Finding the Bulletproof Stocks

Harry Domash  |

It doesn’t matter whether you’re looking for the next rocket to jump on or researching slow moving value plays, priority number one must be to avoid companies that might run short of cash in the event of an unexpected business slowdown. In a bankruptcy, shareholders typically lose everything and, in fact, just the rumors that your stock might be facing bankruptcy would ruin your day.

Thus, it’s best to stick with stocks that are unlikely to suffer that fate. I call them “bulletproof stocks.”

Identifying bulletproof stocks requires defining a set of requirements that firms with problematic balance sheets can’t possibly meet. Once you’ve done that, you can use a stock screening program to generate your list of bulletproof stocks. Stock screeners are programs available on certain financial websites that allow you to search the entire market for stocks meeting your specific requirements. Here’s what you need to specify to identify bulletproof stocks.

No Debt – No Problem

Start by limiting your list to debt-free firms. The debt to equity ratio compares long-term debt to shareholders equity (book value). Zero values reflect no long-term debt and the higher the ratio, the higher the debt. Although specifying a zero ratio may sound like a good idea, most firms do carry some incidental debt such as long-term leases. So specify 0.2 for maximum allowable D/E.

Cash is King

Next, isolate stocks with sufficient cash on hand to cover current bills. The quick ratio compares the total of cash in the bank plus accounts receivables (cash due from customers) to current bills (current liabilities). Specify a minimum quick ratio of 1.0 to assure that cash plus receivables can cover current liabilities.

Avoid Cash Burners 

While having cash in the bank is important, you also need to confirm that passing firms aren’t burning through available cash. Do that by checking operating cash flow, which measures the actual cash that flowed into or out of a firm’s bank accounts from its main operations. Unlike earnings, which can be manipulated, cash flow must match real bank balances. You only need to establish that cash flowed into a firm’s bank accounts, not out (burning cash), the amount doesn’t matter. So require a positive number for operating cash flow. If your screener doesn’t offer a cash flow parameter, requiring a positive price/cash flow ratio would be just as good.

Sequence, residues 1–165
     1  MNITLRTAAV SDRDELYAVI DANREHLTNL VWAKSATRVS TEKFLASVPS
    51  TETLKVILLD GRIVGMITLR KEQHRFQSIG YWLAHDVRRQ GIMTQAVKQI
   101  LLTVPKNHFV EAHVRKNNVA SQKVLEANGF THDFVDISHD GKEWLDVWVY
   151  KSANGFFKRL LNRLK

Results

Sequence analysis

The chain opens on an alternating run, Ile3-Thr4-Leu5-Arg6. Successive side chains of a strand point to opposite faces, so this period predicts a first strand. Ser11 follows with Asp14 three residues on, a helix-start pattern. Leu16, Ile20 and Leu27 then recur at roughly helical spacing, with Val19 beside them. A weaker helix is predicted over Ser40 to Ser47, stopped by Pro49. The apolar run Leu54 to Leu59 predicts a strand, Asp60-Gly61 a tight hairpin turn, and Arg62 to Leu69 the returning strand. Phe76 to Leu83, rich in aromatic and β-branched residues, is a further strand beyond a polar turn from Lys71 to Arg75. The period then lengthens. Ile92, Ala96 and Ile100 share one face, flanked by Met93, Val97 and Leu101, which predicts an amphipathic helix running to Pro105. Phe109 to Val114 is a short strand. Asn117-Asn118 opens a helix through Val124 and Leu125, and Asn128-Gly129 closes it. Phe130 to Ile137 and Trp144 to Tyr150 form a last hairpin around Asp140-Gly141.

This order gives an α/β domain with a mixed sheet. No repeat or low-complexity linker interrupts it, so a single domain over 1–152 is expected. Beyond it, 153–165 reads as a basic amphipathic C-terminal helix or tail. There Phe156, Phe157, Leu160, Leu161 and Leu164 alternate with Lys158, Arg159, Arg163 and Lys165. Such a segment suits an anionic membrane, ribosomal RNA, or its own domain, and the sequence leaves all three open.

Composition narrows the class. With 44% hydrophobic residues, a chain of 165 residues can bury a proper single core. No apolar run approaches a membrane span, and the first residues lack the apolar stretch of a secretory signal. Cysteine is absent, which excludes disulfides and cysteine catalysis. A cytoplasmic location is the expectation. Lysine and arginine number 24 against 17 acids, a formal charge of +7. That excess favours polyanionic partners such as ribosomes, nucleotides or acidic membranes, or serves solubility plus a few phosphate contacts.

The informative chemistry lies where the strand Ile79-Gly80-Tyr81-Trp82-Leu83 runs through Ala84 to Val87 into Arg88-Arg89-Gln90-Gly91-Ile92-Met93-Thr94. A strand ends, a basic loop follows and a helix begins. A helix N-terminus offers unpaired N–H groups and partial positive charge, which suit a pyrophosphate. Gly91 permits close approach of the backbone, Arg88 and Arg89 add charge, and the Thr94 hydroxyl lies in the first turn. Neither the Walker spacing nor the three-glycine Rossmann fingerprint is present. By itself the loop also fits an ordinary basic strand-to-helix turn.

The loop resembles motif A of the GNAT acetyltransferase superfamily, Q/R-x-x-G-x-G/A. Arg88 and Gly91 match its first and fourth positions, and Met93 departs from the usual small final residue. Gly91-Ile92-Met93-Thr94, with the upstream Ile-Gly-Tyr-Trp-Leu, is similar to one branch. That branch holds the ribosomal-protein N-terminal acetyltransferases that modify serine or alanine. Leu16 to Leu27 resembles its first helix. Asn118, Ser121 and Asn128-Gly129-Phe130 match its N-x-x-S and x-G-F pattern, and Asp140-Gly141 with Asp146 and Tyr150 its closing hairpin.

Trust But Verify 

While the positive cash flow requirement should be sufficient to assure that passing firms are profitable, you can’t underestimate the creativity of motivated accountants. Check for positive net income helps to assure that the firm is profitable. Requiring a positive number for the price/earnings ratio would accomplish that.

Real Company? 

Sometimes a stock screen can turn up firms that don’t have real businesses. Rule them out by requiring at least $50 million of revenues (sales) over the past 12-months. Almost all stocks could easily beat that requirement.

Avoid Cheap Stocks

Cheap stocks get that way when savvy investors spy serious problems ahead. Require a minimum $10 per share minimum trading price to rule out stocks facing issues that your screen may have missed. 

I used the free screener offered by Zacks Investment Research to run the screen, which turned up 298 Bulletproof Stocks. Use this link to see the list.

Qualifying as bulletproof means that a stock isn’t a bankruptcy candidate, not that you’ll make money owning it. There’s a lot more that goes into that equation. Follow this link to see the list.


For tips and information on the best utilities and dividend stocks from Harry Domash, please check out Dividend Detective

DISCLOSURE: The views and opinions expressed in this article are those of the authors, and do not represent the views of Readers should not consider statements made by the author as formal recommendations and should consult their financial advisor before making any investment decisions. To read our full disclosure, please go to:



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